The state collapse of Somalia was a result
of clanistic factions as well as corrupt leadership. After being
granted independence from colonial powers in 1960, Somalia set up a democratic
system of government. Elected leaders, though, were tied to clan
interests. With Somalia’s leaders looking out only for the good of
their own clan, the Somali government quickly became ineffective at dealing
with the needs of Somalia as a whole. In addition, corruption by
the Prime Minister and other high-ranking officials led to Somalia becoming
virtually a one-party state.
When President Abdirishiid Ali Shermaarke
was assassinated in 1969, a military coup led by General Siad Barre took
control of the country, attempting to make the government more effective.
Barre, though, soon became a socialist dictator unconcerned with the needs
of the Somali people. He wanted only to keep the power for himself
and his clan. Twenty-one years after taking power, Barre fled the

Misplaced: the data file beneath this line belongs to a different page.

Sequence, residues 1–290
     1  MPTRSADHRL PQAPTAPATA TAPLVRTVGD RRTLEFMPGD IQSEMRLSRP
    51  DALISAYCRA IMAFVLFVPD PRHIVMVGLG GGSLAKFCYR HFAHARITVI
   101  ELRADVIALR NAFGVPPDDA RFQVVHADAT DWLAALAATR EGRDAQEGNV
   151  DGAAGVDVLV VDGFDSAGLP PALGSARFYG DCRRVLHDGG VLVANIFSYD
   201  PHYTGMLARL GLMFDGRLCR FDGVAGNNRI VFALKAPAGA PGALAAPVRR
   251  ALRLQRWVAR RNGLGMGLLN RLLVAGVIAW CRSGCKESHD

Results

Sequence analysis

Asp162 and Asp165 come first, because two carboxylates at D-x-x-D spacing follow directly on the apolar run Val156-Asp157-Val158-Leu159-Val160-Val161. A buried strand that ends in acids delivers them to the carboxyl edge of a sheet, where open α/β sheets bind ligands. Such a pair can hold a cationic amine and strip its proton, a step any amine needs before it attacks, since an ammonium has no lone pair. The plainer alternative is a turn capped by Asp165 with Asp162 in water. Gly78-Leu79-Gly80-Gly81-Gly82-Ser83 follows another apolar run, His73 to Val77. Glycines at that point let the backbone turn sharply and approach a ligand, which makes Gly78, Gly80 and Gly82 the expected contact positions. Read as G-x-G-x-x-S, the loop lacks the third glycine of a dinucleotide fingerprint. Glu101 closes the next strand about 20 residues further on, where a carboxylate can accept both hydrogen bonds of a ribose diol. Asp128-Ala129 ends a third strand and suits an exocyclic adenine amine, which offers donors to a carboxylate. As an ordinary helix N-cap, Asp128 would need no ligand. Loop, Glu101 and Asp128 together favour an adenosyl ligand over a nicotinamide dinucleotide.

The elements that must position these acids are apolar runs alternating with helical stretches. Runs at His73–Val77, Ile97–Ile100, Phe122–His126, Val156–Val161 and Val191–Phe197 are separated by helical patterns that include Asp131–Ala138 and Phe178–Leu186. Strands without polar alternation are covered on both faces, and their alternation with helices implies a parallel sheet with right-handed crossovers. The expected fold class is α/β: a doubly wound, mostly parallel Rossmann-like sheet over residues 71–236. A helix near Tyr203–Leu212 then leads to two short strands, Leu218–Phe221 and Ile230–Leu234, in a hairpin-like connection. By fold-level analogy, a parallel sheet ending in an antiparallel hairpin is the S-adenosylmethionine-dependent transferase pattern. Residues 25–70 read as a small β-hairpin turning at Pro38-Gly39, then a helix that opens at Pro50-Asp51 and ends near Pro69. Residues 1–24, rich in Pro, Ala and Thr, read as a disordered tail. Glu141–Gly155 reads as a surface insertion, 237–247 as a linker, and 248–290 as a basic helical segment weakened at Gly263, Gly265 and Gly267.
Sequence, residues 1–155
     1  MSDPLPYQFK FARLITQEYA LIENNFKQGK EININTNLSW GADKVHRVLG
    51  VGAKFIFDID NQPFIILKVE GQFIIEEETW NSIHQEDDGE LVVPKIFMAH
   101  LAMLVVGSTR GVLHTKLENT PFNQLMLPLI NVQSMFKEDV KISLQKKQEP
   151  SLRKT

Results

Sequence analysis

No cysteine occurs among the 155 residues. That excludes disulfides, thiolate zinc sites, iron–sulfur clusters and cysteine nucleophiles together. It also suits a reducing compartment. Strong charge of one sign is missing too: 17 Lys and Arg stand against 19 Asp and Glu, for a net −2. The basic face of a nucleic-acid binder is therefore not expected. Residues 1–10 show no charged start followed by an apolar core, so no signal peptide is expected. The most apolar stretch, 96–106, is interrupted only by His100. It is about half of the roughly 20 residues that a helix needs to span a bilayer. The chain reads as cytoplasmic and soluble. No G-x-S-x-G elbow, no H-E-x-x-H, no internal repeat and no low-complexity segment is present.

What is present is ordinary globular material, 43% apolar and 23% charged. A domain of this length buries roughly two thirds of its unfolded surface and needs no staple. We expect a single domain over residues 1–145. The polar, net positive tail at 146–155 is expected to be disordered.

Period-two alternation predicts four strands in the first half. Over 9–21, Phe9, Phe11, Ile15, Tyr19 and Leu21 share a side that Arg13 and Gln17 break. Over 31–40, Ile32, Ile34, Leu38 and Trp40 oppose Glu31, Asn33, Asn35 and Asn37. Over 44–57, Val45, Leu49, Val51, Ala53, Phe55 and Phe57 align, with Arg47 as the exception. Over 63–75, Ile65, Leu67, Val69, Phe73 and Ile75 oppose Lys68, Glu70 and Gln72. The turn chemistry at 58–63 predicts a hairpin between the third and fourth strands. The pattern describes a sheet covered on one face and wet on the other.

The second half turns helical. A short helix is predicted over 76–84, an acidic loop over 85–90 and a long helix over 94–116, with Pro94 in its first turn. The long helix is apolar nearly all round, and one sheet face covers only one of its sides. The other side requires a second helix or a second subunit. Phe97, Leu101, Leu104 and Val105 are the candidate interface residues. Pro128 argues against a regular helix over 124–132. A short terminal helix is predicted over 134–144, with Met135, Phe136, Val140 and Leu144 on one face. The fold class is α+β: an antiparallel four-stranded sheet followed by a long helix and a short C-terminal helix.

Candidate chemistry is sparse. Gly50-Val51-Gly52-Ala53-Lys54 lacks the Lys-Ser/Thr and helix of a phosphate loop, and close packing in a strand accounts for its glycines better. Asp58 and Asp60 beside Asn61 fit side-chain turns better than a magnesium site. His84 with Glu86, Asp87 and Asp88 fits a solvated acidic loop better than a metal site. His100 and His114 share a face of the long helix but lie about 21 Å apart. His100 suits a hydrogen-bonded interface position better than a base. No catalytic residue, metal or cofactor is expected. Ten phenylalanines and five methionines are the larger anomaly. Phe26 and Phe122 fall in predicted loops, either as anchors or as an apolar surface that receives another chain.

Somali capital of Mogadishu in fear for his life. With no government
structure in place, Somalia fell into a state of anarchy.
Muhammad Ali Madhi of the USC was set to take
control of the country and restore democracy when Muhammad Farah Aideed,
the leader of a rival faction in the USC, declared himself as the president.
Fighting between the two sides, and between other clans broke out, leading
to mass starvation. International Humanitarian and Peace efforts
over the next three years failed miserably as the fighting continued.
To this very day, a solution for the conflict has not been implemented
as the hostilities and death by starvation continue.
The civil war showed the rest of the world
that the people living in Somalia saw themselves first as members of their
respective clan, and second as Somalis. Therefore, when conflict
broke out, Somalia was no longer unified, but a country split among its
several clans. The state collapse of Somalia is a prime example of
what happens when there is more loyalty to clan than country.
In addition, corrupt Somali leadership contributed
to state collapse by ignoring the needs of the people and seeking only
personal gain. This angered the Somali people, who formed groups
to overthrow the corrupt government. The corrupt leadership’s lack
of government structure left no one to take the reins of power once the
regime collapsed. This left the country in a state of anarchy, as
clan groups fought for the vacated seat of power. Somalia is a lucid
illustration of how corrupt leadership leads to state collapse.